Relating to responsible management and renewed recognition honoring America’s wild horses and burros as being important national heritage resources. (Introduced in the Senate)
S. J. RES. 149
IN THE SENATE OF THE UNITED STATES
June 6 (legislative day, JANUARY 3), 1989
Mr. REID introduced the following joint resolution; which was read twice and referred to the Committee on the Judiciary
Relating to responsible management and renewed recognition honoring America’s wild horses and burros as being important national heritage resources.
Whereas wild horses and burros are part of our national heritage;
Whereas they are part of the ecosystem and rangelands of the United States;
Whereas wild horse and burro management should provide for their continued long-term existence and well being, in ecological balance with other multiple uses;
Whereas the Bureau of Land Management is charged with the management responsibility of these animals and their habitat;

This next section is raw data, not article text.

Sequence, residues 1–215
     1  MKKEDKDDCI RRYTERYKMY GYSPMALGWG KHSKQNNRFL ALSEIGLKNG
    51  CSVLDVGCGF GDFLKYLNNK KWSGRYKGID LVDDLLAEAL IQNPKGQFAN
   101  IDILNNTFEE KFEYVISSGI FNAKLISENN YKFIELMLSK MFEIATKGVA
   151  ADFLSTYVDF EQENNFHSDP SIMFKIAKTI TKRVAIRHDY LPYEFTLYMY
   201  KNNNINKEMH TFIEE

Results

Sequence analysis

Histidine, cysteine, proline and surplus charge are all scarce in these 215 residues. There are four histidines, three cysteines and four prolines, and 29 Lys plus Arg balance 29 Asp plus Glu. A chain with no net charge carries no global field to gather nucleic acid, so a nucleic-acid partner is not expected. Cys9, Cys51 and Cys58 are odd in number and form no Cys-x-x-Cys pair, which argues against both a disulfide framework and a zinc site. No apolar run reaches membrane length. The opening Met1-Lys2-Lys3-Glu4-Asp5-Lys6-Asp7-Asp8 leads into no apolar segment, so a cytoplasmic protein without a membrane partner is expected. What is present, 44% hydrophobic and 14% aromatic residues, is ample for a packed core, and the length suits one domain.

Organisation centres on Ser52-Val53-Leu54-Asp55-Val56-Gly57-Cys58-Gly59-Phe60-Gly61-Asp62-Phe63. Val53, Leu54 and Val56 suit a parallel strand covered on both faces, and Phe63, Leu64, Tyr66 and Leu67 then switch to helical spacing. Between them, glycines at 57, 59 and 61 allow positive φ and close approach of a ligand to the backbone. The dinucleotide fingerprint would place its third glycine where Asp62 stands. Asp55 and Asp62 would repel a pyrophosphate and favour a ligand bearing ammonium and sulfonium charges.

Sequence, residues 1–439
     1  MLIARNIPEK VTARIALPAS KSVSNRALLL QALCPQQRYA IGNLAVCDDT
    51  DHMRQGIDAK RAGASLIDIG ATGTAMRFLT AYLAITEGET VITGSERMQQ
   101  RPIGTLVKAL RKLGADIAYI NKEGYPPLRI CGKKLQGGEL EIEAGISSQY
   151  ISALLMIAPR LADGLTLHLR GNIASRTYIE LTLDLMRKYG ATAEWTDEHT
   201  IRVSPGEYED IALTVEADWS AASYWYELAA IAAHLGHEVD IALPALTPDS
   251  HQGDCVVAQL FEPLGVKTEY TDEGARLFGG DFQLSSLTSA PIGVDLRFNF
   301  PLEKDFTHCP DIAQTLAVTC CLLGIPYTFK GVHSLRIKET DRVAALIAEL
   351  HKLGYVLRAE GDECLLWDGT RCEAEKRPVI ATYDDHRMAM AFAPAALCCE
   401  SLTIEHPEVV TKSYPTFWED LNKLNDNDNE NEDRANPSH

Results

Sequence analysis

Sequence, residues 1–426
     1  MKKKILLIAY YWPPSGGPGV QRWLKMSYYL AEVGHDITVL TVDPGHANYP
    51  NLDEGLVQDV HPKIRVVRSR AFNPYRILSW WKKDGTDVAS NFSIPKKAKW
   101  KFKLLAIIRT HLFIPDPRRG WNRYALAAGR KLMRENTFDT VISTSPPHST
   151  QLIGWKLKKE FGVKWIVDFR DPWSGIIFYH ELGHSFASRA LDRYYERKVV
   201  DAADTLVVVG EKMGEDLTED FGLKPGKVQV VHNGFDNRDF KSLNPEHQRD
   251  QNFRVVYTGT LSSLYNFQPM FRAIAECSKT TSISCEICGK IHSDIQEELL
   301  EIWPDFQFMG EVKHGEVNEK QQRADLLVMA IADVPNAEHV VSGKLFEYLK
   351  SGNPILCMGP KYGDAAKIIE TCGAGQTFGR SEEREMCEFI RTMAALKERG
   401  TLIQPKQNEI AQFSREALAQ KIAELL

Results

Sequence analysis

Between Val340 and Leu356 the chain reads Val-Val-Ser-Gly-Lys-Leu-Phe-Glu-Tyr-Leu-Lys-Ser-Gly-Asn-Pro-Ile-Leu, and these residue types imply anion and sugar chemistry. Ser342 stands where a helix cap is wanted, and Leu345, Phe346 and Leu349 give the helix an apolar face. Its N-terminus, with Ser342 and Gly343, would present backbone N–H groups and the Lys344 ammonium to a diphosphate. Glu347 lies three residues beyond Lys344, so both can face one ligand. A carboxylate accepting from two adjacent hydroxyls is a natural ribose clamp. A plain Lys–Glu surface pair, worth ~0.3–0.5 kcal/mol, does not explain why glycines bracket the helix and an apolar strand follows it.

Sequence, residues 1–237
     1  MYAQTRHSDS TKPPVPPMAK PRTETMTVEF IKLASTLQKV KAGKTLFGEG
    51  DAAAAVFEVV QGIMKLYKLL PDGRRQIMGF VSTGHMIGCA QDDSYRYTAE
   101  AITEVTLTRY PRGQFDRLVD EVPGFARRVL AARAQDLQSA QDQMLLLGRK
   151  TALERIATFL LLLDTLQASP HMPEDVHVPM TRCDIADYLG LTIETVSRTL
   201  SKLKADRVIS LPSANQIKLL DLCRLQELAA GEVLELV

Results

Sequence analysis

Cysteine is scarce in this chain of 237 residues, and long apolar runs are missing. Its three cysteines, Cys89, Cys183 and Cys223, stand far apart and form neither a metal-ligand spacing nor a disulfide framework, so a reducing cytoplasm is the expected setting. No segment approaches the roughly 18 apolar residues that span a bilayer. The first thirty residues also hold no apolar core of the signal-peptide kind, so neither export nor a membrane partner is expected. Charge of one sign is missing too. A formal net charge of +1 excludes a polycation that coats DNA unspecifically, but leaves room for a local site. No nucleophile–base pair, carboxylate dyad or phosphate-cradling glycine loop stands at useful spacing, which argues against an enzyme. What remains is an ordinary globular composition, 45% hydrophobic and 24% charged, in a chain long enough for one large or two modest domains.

Whereas the agency must be given the support to accomplish this task; and
Whereas wild horse and burro support groups and all resource users should be involved in consultation, cooperation, and coordination during the land-use decisionmaking process: Now, therefore, be it Resolved by the Senate and House of Representatives of the United States of America in Congress assembled, That it is the policy of the United States —
(1) to name March 21 (the first day of spring) as ‘National Free-Roaming Wild Horse and Burro Day’.
(2) to encourage national recognition of the intrinsic value of the wild horses and burros.
(3) to draw national attention to the need for management based on scientific principles of herd dynamics, habitat condition and trend, allocations of forage, habitat utilization levels, and conflict of use resolutions; further, that all this be accomplished in the spirit of cooperative management with all resource users; and
(4) to honor wild horses and burros as living symbols of the western development era, and to honor their hardy nature. With the American frontier long since closed, these animals remain among the last representatives of the freedom spirit of the ‘Old West’.